The discovery of PSA made the incidence of prostate cancer increase drastically whereas cancer-related mortality remained unchanged.1,3 Concerns have been raised about detection and overtreatment of these low-risk prostate cancers, since treatment-related side effects (erectile dysfunction and urinary incontinence) may impair quality of life significantly.4 For these low- to intermediate-risk patients, focal therapy can be a favorable disease management option.5 This form of therapy aims to eradicate known cancer sites, while leaving healthy tissue untouched, which has the potential benefit of diminishing side effects compared to radical treatments and, thus, maintaining quality of life.4 However, for focal therapy, accurate identification, localization, demarcation, and grading of a lesion are essential. Imaging modalities such as magnetic resonance imaging (MRI) and transrectal ultrasound (TRUS) are insufficiently accurate to localize prostate tumors with a reported sensitivity of 0.87 and a specificity of 0.30.6 Another modality for prostate cancer localization is transperineal three-dimensional (3-D) prostate mapping biopsy. The prostate is sampled every 0.5 cm and the coordinates are correlated to tumor location. The limitations of mapping biopsies are the low volume of tissue sampled in a biopsy and, consequently, the large number of cores needed (average of 50 per prostate), resulting in a larger number of complications and physician-related delay of the results (pathologist has to evaluate all the biopsies), which prevent treatment from occurring in the same session as diagnosis.7,8 The use of fusion technologies integrating MRI and TRUS to target the biopsy location has been shown to improve on these approaches.9 Yet, targeted biopsies still rely largely on standard H&E pathology, which is analyzed at a later stage. If targeted biopsy is combined with a real-time technology which can visualize and analyze tissue structure and architecture similar to H&E histology, simultaneous diagnosis and treatment would be feasible.

Optical coherence tomography (OCT) has the potential to fulfill the premise of a fully digital targeted biopsy. OCT is an in vivo imaging modality, similar to ultrasonography, which allows real-time microscopic imaging and quantitative analysis of the backscattered light of an imaged sample. Using near-infrared light (1300 nm), OCT results in very detailed images with a resolution that can reach 10μm, although the scattering limits the imaging depth to 2mm.10 Technological advancements have led to novel applications of OCT in urology,1113 gastroenterology,1416 gynecology,17,18 dermatology,1921 cardiology,2224 and neonatology.25 The contrast in an OCT image is based on differences in light scattering between different cellular structures in a sample. The resulting exponential decay of the OCT signal with depth, which is parameterized by the attenuation coefficient [μoct(mm1)], directly relates to the scattering properties of the tissue under study.26 During carcinogenesis, a cell is subjected to cellular changes which alter the light scattering properties. Quantification of OCT images using μoct measured from lesions in the ureter,12 kidney,11 vulva,18 oral tissue,27 and lymph node metastases28 confirmed the ability of OCT to distinguish between tissue types based on μoct. We hypothesize that the attenuation coefficient also correlates with cellular properties of prostate tissue. To the best of our knowledge, this property was never demonstrated in the prostate before.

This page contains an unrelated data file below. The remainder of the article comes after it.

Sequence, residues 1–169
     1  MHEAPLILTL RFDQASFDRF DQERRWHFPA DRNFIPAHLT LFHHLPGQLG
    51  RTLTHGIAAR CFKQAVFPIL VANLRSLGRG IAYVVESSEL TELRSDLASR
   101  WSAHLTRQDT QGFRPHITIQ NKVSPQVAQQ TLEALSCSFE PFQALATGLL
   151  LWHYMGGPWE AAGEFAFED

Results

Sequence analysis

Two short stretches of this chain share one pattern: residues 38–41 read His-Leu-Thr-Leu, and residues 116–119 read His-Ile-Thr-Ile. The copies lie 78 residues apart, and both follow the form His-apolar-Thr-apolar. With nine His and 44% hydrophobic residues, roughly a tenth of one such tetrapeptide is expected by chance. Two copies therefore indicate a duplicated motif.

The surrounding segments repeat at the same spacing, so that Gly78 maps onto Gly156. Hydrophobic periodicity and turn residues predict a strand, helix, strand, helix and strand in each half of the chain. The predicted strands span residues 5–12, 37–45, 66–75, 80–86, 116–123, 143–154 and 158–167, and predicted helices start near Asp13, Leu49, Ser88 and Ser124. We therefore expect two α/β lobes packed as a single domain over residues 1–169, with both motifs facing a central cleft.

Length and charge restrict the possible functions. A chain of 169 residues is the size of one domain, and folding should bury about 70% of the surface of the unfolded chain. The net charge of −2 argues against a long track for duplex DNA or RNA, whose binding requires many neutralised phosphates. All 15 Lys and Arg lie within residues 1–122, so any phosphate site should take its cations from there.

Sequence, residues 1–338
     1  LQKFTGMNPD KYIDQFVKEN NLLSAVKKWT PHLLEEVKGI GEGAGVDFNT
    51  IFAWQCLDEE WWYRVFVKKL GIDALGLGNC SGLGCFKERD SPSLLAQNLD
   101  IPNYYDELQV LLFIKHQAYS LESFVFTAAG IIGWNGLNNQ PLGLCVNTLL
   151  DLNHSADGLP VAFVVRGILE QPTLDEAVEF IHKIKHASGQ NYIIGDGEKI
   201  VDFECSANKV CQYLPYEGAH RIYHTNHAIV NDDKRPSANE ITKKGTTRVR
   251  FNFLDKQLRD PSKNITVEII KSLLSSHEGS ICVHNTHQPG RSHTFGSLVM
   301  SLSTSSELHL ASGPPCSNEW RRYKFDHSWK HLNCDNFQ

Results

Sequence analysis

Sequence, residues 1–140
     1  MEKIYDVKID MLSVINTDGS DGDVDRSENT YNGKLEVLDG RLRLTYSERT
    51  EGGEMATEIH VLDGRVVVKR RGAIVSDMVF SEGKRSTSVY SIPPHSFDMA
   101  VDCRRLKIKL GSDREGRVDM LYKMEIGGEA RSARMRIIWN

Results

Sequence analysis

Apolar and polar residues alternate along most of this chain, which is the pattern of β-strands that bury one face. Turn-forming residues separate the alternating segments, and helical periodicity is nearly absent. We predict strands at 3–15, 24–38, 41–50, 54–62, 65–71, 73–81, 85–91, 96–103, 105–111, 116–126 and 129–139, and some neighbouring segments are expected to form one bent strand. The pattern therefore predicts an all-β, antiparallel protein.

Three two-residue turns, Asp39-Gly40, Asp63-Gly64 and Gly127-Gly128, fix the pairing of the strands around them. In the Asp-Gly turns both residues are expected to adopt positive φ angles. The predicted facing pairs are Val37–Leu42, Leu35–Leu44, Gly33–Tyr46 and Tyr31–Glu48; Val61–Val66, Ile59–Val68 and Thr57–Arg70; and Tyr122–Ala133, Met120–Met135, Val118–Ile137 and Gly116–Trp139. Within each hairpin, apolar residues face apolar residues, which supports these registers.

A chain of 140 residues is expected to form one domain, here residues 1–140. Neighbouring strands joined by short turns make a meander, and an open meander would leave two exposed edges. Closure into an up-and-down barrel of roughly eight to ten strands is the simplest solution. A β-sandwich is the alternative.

This study aims to demonstrate the feasibility of needle-based OCT and functional analysis of OCT data along the full pullback measurement trajectory of the OCT. This also includes validation of the OCT by system and probe calibration. We describe the first in-tissue needle-based OCT imaging and three-dimensional optical attenuation analysis of a single prostate after radical prostatectomy, which we compared with histopathological diagnosis. Our work aligns with stages 1 and 2a of the IDEAL framework of clinical technological innovations.29,30

Optical Coherence Tomography Device and Visualization

OCT images were recorded using a commercially available C7-XR™ OCT Intravascular Imaging System interfaced to a C7 Dragonfly™ Intravascular Rotating Imaging Probe (St. Jude Medical, St. Paul, Minnesota). The latter is a thin fiber optic probe with an outer diameter of 2.7 Fr (0.9 mm). During data acquisition, the swept-source OCT system produces cross-sectional images with a lateral resolution of 20 to 40μm and a depth (axial) resolution of 15μm in air and, hence, 11μm in tissue (1024 data points). The automatic pullback system scans across a trajectory of 54 mm along the probe in 5.4s, producing a 541 frame dataset, which results in a 100μm space between frames. This results in a total scanned cylindrical volume of 54 mm (length) by 10 mm (diameter). Imaging depth is limited by light scattering to 2mm. 3-D reconstruction was performed using the AMIRA™ (Visage Imaging GmbH, Berlin, Germany) software package.

Calibration and Three-Dimensional Attenuation Fitting

Signal attenuation is influenced by the technical properties of the OCT system itself, warranting careful calibration. The rotating imaging probes (like a lighthouse) for this system are provided in sterile packaging so that a priori calibration is not possible.